Sleep and mental health

Sometimes I think my clients are doing some kind of internal eye-roll when I ask them, as I do most sessions, “so how has your sleep been?”  It’s almost as if they think I’ve run out of things to explore and so I’m opting to talk about something really basic and dull!  The thing is, we are beginning to fully understand the deeply important role sleep has in terms of protecting mental health and conversely, the significant negative impact that poor sleep plays in conditions like anxiety, depression, bi-polar disorder, ADHD, PTSD and OCD.

 

 

 

 

 

 

 

 

 

 

 

 

Sleep, whilst super basic is super important.  Without good restful sleep lots of things can get funky and whilst we don’t fully understand the drivers and connections between sleep and mental health FMRI studies and developments in neurochemistry studies suggest that a ‘good night’s sleep’ helps foster both mental and emotional resilience, whilst chronic sleep deprivation (insomnia and the like) sets the stage for negative thinking and emotional vulnerability (www.health.harvard.edu).

Funky sleep

There’s SO much out there on sleep at the moment – a few of my absolute favourite places for this research are listed below.  A bit like knowing that we ‘should’ eat a rainbow of fruits and vegetables every day, eating wholefoods and reducing our sodium intake in the world of nutrition, when it comes to sleep, we know that we ‘should’ be getting 7-9 hours quality sleep a night waking fully rested.  That’s a really tough ask for many of us for a whole host of reasons – parenting, stress, work patterns amongst a few.  On the nights that we lie awake, tossing and turning the anxiety around not having a good night’s sleep is often enough to ensure we can’t fall asleep!

What we do know is that adults who experience poor sleep – such as trouble falling asleep or waking through the night are at risk of developing mental health problems.  There’s a lot of research focusing on depression to date, poor sleep may also predispose adults to other mental health disorders such as anxiety, panic disorder and PTSD (Cox & Olatunji, 2016).  Suicidal ideation and suicide attempts are more likely to be increased in people who have short sleep and adults experiencing the symptoms of insomnia (Pigeon et al., 2012).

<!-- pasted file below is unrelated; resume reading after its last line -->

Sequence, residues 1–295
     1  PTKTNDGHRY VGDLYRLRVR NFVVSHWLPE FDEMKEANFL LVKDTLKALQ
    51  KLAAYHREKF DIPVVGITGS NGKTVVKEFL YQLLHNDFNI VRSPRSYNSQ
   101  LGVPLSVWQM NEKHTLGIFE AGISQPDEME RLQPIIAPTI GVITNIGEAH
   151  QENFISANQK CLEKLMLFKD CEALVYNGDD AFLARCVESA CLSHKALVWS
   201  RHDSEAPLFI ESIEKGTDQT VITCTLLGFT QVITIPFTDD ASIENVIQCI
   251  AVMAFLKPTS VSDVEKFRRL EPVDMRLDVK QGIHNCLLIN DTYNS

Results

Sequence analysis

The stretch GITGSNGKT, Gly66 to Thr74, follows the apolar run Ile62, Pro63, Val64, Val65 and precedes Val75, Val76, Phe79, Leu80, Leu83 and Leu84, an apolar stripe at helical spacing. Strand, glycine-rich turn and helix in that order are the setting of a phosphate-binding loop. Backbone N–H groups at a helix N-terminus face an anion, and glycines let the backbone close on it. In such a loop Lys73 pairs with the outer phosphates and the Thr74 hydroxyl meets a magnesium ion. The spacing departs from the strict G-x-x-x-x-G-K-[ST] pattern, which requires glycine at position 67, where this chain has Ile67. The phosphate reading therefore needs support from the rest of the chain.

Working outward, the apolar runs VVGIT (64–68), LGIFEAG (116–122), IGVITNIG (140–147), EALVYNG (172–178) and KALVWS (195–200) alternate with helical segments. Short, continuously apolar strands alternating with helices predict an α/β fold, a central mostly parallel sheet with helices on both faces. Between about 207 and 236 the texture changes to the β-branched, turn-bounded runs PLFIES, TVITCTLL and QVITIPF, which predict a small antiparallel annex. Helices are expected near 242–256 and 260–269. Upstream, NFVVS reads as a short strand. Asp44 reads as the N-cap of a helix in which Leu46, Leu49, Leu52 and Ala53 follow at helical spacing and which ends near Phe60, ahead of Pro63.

Research also suggests that for every hour of sleep you miss at night there is a:

  • 14% increase in risk of unpleasant emotions or feelings that affect day to day function
  • 38% increase in the chance of feeling sad and hopeless
  • 42% increase in the chance of having thoughts of suicide
  • 58% increase in the change of suicidal behaviour
  • 23% increase in the chance of using tobacco, alcohol or marijuana

(www.headspace.org.au)

 

 

 

 

 

 

 

 

 

 

 

 

Improving your sleep situation

 The good news is that with all this research there are a LOT of resources out there for improving our sleep.  Here’s a few areas to explore:

  • Health:

It’s worth exploring whether there are any underlying physical health conditions that might be playing a role in any disturbed sleep, such as sleep apnea.  Also worth exploring is any side-effects of medication that you might be taking.

  • Environment:

Closely aligned with sleep hygiene.  Good sleep hygiene looks like keeping bedrooms for bedroom activities – sleep (obviously), sex, maybe reading – and activities like eating, watching TV and screens outside of the bedroom.  Getting phones on charge and outside of our bedrooms is so important for removing the temptation of turning to check the time / mindless scrolling if sleep is problematic.  Also keeping the room at a cool(ish) temperature with appropriate curtains or blinds to navigate outside light.

  • Attitude:

This one is more about heading to bed with a good mindset – setting aside our worries and stressors of the day by applying some good old relaxation or meditation techniques: warm baths, mindfulness practice, reading before bed with a warm drink.

  • Lifestyle:

What we eat and drink during the day can play havoc with our sleep patterns.  Stimulants like caffeine or energy drinks can cause significant disruption to our ability to fall asleep.  Alcohol might make it feel like it’s easier to fall asleep but what the research suggests is that we inevitably have a poorer quality of sleep.  Likewise, research correlates sleep to exercise – if we move our body during the day, we tend to sleep better during the night.

Check out these awesome sleep research resources:

 Huberman Lab: https://hubermanlab.com/master-your-sleep-and-be-more-alert-when-awake/

 

If you need someone to talk to about your sleep issues, we have a team of therapists at Thea Baker Wellbeing available – please reach out to us at: hello@theabaker.com.au / 03 9077 8194.